San Diego joins lawsuit to clean up Tijuana River Valley

first_imgSan Diego joins lawsuit to clean up Tijuana River Valley FacebookTwitter KUSI Newsroom, Updated: 3:59 PM “San Diego’s natural environment is what makes our region so special and we’re going to keep fighting to preserve it,” Mayor Faulconer said. “We’ve made this a priority in meetings with federal agencies in both the U.S. and Mexico, and now we must force the government’s hand to ensure it takes action. This gives us a new tool in the battle against sewage and trash that flows across the border and into our waterways. I thank the City Council, Councilmember Moreno and City Attorney Elliott for their work on this issue.” Posted: January 29, 2019 KUSI Newsroom In December, Councilmember Moreno issued a memo requesting for Council to hear the options for joining a lawsuit on the Tijuana River Valley. Her memo was in response to the most recent sewage spill that began last month and continues to release millions of gallons of sewage daily, SAN DIEGO (KUSI) – The San Diego City Council has voted in closed session to join a lawsuit brought against the International Boundary and Water Commission by California Attorney General Xavier Becerra.The suit alleges the commission has violated the Clean Water Act by allowing the continuous flow of sewage, chemical waste and plastic pollution into the Tijuana River. A press release from Mayor Faulconer announcing the lawsuit is pasted below:San Diego Joins Lawsuit to Clean Up Tijuana River ValleyLEGAL MOVE AIMS TO PROMPT FEDERAL ACTION ON LONGSTANDING SEWAGE, SEDIMENT AND TRASH ISSUES IN SOUTH BAYSan Diego – Following calls for legal action from Mayor Kevin L. Faulconer and City Councilmember Vivian Moreno, the City Council voted unanimously in closed session Tuesday in favor of joining the State lawsuit against the U.S. International Boundary and Water Commission (USIBWC) over the contamination occurring in the Tijuana River Valley, Tijuana River Estuary and the Pacific Ocean. For years, the USIBWC has failed to properly manage and operate its wastewater treatment facilities. As a result, sewage, sediment and trash from the Tijuana River Valley have affected local beaches and coastal waters, prompting frustration and public health concerns. Categories: Health, Local San Diego News In October 2017, City Attorney Mara W. Elliott served notice of the City’s intention to sue. Following today’s decision, the City Attorney’s Office will now begin working with the State Attorney General and the Regional Water Quality Control Board to prepare for trial. The court has set the trial date for April 13, 2020. “One of the first actions I took as a Councilmember was to request that the City join the lawsuit,” Councilmember Moreno said. “The discharge of sewage has been a threat to the health and safety of our residents for far too long. We must hold our federal government accountable and also send a strong message that the South Bay will not be a dumping ground.” January 29, 2019 The lawsuit against the USIBWC was filed in September 2018 on behalf of the people of the State of California, by and through the California Regional Water Quality Control Board, San Diego Region, and California Attorney General Xavier Becerra. The State Lands Commission intervened in December 2018 and is now also party to the lawsuit.“The pollution in the Tijuana River Valley is a disgrace, and I’m proud of this Mayor and City Council for fighting back against the federal government’s persistent disregard for our community’s health,” City Attorney Elliott said. “Joining the Regional Water Quality Control Board lawsuit represents San Diego’s best chance at a comprehensive solution to this troubling problem.”last_img read more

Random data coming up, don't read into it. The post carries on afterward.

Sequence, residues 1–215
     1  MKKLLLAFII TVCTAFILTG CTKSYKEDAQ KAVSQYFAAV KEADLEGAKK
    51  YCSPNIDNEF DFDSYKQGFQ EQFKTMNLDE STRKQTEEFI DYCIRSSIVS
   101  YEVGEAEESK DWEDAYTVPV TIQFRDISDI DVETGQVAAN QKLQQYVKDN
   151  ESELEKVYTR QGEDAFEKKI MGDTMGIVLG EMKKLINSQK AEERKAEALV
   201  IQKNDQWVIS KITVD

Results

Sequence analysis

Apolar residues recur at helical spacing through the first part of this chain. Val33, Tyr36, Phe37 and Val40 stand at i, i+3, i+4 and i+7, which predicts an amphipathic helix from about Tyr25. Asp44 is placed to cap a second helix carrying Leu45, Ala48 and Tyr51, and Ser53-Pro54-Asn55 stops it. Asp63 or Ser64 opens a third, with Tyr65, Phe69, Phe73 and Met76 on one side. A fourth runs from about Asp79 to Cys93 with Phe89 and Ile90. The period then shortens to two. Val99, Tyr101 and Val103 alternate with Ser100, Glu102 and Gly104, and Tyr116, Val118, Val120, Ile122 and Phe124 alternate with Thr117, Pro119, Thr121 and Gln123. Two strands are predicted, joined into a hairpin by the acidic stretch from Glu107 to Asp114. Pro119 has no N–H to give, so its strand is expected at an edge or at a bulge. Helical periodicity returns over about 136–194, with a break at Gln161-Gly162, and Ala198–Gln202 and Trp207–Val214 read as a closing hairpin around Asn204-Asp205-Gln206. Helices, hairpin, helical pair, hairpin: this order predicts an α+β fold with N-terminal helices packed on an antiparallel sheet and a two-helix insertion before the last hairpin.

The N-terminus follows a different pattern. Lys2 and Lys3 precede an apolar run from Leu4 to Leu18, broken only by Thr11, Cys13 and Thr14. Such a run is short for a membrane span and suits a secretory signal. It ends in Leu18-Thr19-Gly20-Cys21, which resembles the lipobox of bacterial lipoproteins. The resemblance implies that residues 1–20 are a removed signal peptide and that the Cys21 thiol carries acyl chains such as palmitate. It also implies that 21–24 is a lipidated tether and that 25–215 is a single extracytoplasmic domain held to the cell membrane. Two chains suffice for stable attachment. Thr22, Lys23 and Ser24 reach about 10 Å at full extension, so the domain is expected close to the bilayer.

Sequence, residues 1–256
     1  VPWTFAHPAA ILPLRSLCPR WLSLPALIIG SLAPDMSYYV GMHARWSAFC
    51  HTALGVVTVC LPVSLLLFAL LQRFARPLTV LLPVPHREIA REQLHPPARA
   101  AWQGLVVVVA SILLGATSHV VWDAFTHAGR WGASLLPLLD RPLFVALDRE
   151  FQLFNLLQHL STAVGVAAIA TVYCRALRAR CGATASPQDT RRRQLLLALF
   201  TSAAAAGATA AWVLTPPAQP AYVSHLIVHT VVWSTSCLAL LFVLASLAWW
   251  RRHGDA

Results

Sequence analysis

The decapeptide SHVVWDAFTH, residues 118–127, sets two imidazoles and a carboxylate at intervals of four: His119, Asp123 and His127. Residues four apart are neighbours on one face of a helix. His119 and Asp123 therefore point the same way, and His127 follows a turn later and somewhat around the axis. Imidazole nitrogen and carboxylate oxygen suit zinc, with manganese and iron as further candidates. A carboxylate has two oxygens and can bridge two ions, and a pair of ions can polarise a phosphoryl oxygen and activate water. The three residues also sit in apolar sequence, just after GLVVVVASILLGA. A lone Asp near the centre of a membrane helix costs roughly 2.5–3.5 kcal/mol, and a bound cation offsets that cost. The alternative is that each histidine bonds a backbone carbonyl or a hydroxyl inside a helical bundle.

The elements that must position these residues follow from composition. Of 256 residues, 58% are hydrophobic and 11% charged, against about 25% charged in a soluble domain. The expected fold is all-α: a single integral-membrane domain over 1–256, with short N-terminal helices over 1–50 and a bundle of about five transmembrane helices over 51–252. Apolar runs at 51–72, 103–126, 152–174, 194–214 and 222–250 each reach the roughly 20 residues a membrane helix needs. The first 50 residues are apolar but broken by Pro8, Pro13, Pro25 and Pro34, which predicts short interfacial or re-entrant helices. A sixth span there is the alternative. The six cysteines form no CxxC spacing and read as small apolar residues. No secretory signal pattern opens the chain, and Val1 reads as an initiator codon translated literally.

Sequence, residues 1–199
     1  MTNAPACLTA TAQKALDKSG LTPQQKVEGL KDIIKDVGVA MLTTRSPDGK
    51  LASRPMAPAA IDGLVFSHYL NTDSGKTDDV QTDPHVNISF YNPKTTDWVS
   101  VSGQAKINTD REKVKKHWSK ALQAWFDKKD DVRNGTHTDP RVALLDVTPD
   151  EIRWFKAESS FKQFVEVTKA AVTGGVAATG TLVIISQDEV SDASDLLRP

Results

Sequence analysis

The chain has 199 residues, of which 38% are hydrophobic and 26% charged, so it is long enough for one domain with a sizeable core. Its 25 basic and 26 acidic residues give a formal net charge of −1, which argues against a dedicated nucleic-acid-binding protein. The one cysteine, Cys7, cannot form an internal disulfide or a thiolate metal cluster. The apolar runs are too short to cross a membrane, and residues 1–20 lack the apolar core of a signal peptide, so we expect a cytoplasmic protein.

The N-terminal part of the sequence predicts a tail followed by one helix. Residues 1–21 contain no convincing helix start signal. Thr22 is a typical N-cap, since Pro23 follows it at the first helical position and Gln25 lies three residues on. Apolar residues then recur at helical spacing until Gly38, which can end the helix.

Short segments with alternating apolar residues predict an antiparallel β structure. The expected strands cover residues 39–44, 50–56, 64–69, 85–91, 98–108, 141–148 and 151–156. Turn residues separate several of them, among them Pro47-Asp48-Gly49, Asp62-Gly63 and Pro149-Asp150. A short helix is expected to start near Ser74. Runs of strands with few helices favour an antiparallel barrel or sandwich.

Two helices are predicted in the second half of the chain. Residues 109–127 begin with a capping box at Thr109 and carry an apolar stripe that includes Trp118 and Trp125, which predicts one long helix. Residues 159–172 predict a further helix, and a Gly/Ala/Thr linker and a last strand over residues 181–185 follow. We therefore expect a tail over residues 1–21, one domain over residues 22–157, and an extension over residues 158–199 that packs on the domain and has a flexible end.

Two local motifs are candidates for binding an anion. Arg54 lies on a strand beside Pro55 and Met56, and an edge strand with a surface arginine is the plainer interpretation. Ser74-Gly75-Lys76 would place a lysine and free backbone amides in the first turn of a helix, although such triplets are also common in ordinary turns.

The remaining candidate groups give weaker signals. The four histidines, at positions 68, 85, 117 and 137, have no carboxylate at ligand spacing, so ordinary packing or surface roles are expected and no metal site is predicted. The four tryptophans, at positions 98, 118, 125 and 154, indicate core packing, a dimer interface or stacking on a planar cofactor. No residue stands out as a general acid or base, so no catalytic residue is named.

Heres the magnificent last view NASAs Kepler Space Telescope ever saw

first_img2:57 End of an era for space exploration Share your voice Now playing: Watch this: A composite image of Kepler’s final view. The missing tiles are due to parts of the camera that failed. NASA The final thing NASA’s Kepler Space Telescope captured was everything, or at least it looks that way.NASA ran out of fuel last year and was put into a permanent sleep mode on Oct. 30. The final full-field image it took can be seen in the above mosaic captured Sept. 25. You can see the telescope’s full view of the sky and an abundance of stars within. Some blocks of the composite image are blacked out due to failures by parts of the camera. Fortunately, the device had a modular design that allowed for other parts of the image to be retained.  Kepler helped revolutionize how we think about the universe by enabling the discovery of thousands of exoplanets beyond our solar system, making it clear our galaxy and others are packed with other worlds. Enlarge ImageKepler’s view of K2-138 with its six planets sized between Earth and Neptune. It was the first multi-planet system entirely discovered by citizen scientists. NASA/Ames Research Center But it struggled to make some of those discoveries. A few years into its mission, the parts that help it stay pointed at a target began to fail. Engineers had to come up with a work-around that basically used the subtle pressure coming off the sun itself to keep the telescope steady. Kepler went on making more finds for half a decade before finally running out of gas. To the right is one of the later star systems Kepler helped discover called K2-138. It is believed to host six planets roughly between the sizes of Earth and Neptune. The GIF shows images collected of the system during Kepler’s last day of photography.The pixelated view might not be much to look at, but Kepler played a pivotal role in pointing the way towards promising systems like this so that future telescopes might provide a clearer view one day, and perhaps even find evidence of alien life. NASA turns 60: The space agency has taken humanity farther than anyone else, and it has plans to go further.Crowd Control: A crowdsourced science fiction novel written by CNET readers. 1 Comment Sci-Tech Tags NASA Spacelast_img read more